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Chittara Typecraft—how a floor decoration became a font

Region: Shimoga district, Karnataka


Chittara is an artform in which clay paste is used to create geometric patterns on the floors and walls of entrances of houses.


This artform, which originated from ancient cave paintings, eventually found its

way to the walls and floors of village homes. The Kannada word chittara (which is related to chittra ) means an image or design. Historically, chittara has been

practiced by women of the Deewaru community in Karnataka’s Sagar district.

Chittara patterns were painted in village homes on auspicious occasions, to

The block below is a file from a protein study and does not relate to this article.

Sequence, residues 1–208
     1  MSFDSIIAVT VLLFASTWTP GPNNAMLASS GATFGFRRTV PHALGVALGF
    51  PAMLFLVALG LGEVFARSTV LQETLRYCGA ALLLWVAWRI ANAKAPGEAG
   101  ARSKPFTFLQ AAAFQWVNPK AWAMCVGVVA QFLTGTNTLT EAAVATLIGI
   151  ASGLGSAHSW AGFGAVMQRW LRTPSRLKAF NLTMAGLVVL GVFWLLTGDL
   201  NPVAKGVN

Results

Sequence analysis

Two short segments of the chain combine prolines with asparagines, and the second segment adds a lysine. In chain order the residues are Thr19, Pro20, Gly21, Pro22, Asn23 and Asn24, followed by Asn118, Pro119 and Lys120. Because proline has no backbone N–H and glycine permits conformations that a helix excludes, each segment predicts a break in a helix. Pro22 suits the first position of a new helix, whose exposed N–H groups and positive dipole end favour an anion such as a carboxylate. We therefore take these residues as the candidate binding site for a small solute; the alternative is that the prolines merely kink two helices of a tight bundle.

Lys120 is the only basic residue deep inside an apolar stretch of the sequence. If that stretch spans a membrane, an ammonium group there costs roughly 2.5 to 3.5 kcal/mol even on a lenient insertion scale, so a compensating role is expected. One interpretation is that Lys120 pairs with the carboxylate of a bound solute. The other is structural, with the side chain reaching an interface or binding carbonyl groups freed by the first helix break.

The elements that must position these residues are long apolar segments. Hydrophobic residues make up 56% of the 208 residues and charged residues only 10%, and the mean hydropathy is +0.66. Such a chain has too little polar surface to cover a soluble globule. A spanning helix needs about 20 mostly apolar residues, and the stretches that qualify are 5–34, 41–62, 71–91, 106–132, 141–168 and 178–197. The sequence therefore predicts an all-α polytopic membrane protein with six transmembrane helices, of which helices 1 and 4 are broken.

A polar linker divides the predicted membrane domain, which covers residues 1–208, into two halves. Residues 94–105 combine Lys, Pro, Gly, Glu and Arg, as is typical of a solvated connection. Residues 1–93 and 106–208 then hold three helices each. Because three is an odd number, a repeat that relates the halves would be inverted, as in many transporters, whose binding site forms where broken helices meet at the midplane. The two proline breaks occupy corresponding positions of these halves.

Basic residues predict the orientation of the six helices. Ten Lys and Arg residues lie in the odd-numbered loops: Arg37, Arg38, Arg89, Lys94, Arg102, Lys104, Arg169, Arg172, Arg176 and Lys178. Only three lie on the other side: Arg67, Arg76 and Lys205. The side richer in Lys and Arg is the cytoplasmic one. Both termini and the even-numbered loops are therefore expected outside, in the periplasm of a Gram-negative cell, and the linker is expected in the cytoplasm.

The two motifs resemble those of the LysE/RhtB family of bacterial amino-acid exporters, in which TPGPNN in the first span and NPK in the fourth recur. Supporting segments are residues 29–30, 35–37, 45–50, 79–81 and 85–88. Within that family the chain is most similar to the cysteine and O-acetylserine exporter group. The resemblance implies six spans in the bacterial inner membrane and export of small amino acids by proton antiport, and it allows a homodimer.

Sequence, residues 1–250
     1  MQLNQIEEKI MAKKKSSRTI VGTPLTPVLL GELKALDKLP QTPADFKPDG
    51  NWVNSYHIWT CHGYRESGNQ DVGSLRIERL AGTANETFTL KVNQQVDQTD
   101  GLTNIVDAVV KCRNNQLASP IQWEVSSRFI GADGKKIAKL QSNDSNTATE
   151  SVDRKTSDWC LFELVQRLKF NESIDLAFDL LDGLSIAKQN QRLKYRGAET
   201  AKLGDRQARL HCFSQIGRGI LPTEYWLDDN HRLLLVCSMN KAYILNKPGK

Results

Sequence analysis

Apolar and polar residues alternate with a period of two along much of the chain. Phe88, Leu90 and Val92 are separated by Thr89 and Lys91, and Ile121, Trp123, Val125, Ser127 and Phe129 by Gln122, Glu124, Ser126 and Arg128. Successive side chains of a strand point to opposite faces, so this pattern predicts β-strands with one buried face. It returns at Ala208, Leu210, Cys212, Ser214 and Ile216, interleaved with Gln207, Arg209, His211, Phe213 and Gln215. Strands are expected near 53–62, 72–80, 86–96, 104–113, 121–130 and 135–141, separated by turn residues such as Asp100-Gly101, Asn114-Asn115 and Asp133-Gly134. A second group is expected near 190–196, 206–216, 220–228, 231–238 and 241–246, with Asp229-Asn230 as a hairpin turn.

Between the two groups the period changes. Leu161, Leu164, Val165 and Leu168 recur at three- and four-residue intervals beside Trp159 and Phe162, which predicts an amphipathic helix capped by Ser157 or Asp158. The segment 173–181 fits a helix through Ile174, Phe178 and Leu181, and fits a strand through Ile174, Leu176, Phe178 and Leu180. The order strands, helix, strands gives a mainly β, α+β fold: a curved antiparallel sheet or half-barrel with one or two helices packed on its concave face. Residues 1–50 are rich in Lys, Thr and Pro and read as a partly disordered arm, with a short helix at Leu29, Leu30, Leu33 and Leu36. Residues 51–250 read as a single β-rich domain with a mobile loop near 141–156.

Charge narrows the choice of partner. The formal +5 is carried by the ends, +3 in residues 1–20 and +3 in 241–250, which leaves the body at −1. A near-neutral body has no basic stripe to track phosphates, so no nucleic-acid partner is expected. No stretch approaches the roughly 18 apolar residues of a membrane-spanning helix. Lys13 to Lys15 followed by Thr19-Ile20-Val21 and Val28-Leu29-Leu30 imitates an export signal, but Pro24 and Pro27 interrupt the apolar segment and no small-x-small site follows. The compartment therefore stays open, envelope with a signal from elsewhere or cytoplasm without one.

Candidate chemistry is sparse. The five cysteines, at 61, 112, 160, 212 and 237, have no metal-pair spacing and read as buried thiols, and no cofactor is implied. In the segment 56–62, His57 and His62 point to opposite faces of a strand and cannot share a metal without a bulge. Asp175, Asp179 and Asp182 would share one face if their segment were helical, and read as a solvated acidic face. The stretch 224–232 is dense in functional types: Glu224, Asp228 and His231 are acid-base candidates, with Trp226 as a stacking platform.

welcome the gods. These paintings are a part of family and community rituals

associated with festivities, and only the woman of the house makes these patterns. Today, Chittara is a languishing craft, with supposedly only five families practising it in the state of Karnataka.


Workshops with artisans vary from project to project and is dependent on how

literate the craftswomen are and how much exposure they have had. Since Radha Sullur, whom we worked with is literate in English, it was easier for her to

understand the nuances of letter shapes, although, we had to explain the rules of type design, to her, as well as explore how this specific artwork can be transformed into type. 


Craftsperson/Artist: Radha Sullur

Type Developer: Andreu Balius 

Type Designers: Ishan Khosla, Flora Brochier, Aditya Singh Tomar

Craft-Cordinator: Ishan Khosla

Chittara Typeface (Latin script font)

SKU: 001
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